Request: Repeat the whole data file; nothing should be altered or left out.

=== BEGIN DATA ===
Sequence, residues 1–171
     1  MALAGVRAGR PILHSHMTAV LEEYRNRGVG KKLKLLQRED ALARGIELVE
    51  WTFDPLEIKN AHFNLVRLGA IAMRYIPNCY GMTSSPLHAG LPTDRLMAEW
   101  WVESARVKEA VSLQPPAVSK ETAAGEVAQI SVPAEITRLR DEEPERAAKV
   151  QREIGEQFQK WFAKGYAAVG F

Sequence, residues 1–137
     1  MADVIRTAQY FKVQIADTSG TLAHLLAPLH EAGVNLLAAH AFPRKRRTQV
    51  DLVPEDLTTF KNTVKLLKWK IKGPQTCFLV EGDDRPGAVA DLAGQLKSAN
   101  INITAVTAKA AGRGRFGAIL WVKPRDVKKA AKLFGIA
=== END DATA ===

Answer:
Sequence, residues 1–171
     1  MALAGVRAGR PILHSHMTAV LEEYRNRGVG KKLKLLQRED ALARGIELVE
    51  WTFDPLEIKN AHFNLVRLGA IAMRYIPNCY GMTSSPLHAG LPTDRLMAEW
   101  WVESARVKEA VSLQPPAVSK ETAAGEVAQI SVPAEITRLR DEEPERAAKV
   151  QREIGEQFQK WFAKGYAAVG F

Sequence, residues 1–137
     1  MADVIRTAQY FKVQIADTSG TLAHLLAPLH EAGVNLLAAH AFPRKRRTQV
    51  DLVPEDLTTF KNTVKLLKWK IKGPQTCFLV EGDDRPGAVA DLAGQLKSAN
   101  INITAVTAKA AGRGRFGAIL WVKPRDVKKA AKLFGIA